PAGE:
One last picture . . . a stray ant on her poem

a stray ant on her poem

Read Full Post »

poem is in nook of tree in Kenwood, Maryland

poem is in nook of tree in Kenwood, Maryland

 

Barter

by Sara Teasdale

 

Life has loveliness to sell,

All beautiful and splendid things,

Blue waves whitened on a cliff,

Soaring fire that sways and sings,

And children’s faces looking up

Holding wonder like a cup.

 

Life has loveliness to sell,

Music like a curve of gold,

Scent of pine trees in the rain,

Eyes that love you, arms that hold,

And for your spirit’s still delight,

Holy thoughts that star the night.

 

Spend all you have for loveliness,

Buy it and never count the cost;

For one white singing hour of peace

Count many a year of strife well lost,

And for a breath of ecstasy

Give all you have been, or could be.

 

Image 1

 

I may have mentioned once or twice that I love the cherry blossoms. Not cherry blossoms, mind you, but the cherry blossoms, the ones that ring the Tidal Basin and the ones that form a pink tunnel on the streets of Kenwood, a neighborhood in suburban Maryland. It’s a once-a-year treat, and if you don’t live in Washington, D.C., catching them at peak is a matter of luck. Walking under cherry blossoms is one of the most beautiful experiences I’ve ever had and the probably most ephemeral. The Japanese even have a name for it, hanami.

 

This is what the Kenwood cherry blossoms look like at peak:

Screen Shot 2016-04-04 at 3.17.44 PM

This is what they look like when you come too late:

Image 2

Which is what seems to happen to me year after year. Even the carpet of petals underfoot was gone. Sixty mile an hour winds two days before my visit scattered their beauty.

 

So I just had memories to go on, calling up the “breath of ecstasy” from past visits. Breath of ecstasy is what poet Sarah Teasdale names our experience of the sublime: the sight of crashing waves (what a great line—blue waves whitened on a cliff), and fire, and a child’s innocent face (another great line—holding wonder like a cup), the sound of music, the smell of pine trees in the rain.

 

These experiences, which we’ve always considered ours for the taking, as in, the best things in life are free, aren’t free at all in Teasdale’s vision. Life has loveliness to sell, she writes, and the cost is high, a year of strife, perhaps, or even all you have been, or could be.

 

I’m having trouble understanding how that barter works out in real life, how it might cost me, in real terms, to seek beauty. I’m not going to sell my house so I can live in Iceland for a year to see the northern lights. But I can see how easy it is to stay in bed instead of getting up to see a sunrise, or how much less it costs me to stay warm in front of the television instead of putting on a coat to look at a winter moon. Easier still to Google a photograph of the northern lights and tick it off my list of beautiful sights to experience. Teasdale’s poem reminds me that effort, not just attention, is required to experience such beauty, and in this post-Romantic, technology-mad world, effort is the price of loveliness.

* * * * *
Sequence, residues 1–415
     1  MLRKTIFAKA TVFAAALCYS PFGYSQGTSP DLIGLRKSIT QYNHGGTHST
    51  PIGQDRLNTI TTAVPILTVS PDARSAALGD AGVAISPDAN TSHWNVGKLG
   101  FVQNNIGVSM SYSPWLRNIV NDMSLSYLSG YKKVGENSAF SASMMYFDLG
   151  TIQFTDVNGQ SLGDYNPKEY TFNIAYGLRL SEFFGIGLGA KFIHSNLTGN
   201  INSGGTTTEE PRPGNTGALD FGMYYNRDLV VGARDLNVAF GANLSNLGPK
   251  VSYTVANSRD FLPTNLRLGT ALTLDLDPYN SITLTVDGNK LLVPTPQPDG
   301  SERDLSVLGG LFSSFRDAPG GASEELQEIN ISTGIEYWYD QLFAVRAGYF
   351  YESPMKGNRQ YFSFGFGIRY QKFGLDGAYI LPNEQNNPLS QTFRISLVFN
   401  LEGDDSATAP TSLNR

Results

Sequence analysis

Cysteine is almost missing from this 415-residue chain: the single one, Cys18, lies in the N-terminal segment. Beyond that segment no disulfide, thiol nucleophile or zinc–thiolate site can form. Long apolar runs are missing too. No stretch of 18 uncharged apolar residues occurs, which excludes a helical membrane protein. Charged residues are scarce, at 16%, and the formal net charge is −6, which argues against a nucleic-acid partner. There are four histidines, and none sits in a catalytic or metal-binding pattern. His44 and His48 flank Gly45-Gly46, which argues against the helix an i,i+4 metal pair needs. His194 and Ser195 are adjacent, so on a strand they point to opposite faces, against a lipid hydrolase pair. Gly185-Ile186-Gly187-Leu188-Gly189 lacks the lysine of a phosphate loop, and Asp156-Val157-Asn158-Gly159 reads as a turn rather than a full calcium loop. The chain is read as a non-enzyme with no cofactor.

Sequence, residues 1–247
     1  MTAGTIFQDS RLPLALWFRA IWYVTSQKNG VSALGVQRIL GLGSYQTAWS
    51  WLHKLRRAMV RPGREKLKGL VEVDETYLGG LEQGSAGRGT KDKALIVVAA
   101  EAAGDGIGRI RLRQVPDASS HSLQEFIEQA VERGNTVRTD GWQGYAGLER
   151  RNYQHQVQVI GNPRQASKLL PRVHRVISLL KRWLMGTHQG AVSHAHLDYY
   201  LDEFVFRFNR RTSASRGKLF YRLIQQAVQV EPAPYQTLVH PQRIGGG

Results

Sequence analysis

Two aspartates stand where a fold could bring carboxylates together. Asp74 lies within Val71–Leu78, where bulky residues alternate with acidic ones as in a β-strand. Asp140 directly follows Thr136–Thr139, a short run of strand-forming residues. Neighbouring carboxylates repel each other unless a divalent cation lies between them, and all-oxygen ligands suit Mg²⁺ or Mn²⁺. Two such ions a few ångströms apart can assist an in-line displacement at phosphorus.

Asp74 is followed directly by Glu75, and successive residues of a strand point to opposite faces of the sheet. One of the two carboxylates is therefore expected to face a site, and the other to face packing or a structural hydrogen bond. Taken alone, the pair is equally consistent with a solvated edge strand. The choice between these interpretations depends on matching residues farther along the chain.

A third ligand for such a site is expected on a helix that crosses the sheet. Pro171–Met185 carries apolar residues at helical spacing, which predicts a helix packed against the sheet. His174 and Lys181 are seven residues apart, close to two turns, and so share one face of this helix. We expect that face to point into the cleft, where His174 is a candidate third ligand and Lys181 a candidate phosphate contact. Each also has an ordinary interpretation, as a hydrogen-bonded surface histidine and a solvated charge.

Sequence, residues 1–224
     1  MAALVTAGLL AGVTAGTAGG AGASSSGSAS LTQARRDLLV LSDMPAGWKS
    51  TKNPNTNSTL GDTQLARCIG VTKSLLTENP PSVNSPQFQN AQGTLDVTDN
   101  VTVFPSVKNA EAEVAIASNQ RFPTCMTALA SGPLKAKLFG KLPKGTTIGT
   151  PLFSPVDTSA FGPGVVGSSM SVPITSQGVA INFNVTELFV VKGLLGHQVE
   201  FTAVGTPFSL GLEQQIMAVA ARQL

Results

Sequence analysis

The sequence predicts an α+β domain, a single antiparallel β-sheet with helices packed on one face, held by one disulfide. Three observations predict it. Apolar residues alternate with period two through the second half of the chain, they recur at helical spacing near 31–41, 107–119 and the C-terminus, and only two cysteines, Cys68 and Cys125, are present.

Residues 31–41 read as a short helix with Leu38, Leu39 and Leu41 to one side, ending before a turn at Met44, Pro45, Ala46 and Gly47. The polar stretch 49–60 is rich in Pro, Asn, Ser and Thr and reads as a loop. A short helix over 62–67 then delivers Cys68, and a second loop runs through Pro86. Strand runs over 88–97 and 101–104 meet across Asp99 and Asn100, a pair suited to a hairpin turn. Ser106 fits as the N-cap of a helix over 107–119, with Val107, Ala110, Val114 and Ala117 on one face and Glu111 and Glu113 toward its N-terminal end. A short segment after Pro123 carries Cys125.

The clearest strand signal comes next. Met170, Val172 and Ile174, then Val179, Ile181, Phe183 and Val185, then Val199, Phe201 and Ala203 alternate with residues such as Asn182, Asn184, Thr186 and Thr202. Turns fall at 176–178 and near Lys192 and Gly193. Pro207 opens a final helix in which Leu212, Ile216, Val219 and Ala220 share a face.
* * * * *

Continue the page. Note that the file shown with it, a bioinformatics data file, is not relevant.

It’s an old-fashioned poem, not perfect, a little clunky in parts, a little inflated in others, but there’s much to enjoy. The passion, the high-minded feeling, the Romantic yearning for the sublime—they don’t make such poems anymore. Outside of a spiritual context or yoga class, no poet today would write like this, unless the poet was being ironic. But how else to capture that most essential human feeling of being overwhelmed by beauty? We need these old poems, we need these old poets to express our awe, our wonder and straightforward joy.

 

Screen Shot 2016-04-07 at 4.57.17 PMSara Teasdale (1884-1933) was born in St. Louis, the youngest of four children. A sickly child, she was home-schooled till age nine. She started publishing her poems in her early twenties. Her work was well-received, and in 1917 she was awarded the Pulitzer Prize.

 

In 1914 she married Ernst Filsinger, an admirer of her poetry, after rejecting several other proposals. They moved to New York City in 1916 and lived on the Upper East Side.

 

He travelled often, and during one of his trips, she moved away without telling him so she’d be eligible for divorce, much to his shock. They divorced in 1929. She re-kindled a friendship with an old boyfriend, poet Vladmir Lindsay. Lindsay was married by this time. He committed suicide and two years later she did at age 48.

 

A few years ago I left a poem of hers in the cosmetic aisle of Target. You can read that here.

Also worth noting:  her lyric poems seem to be popular with choral groups. Link here for one very lovely example.

Read Full Post »

Older Posts »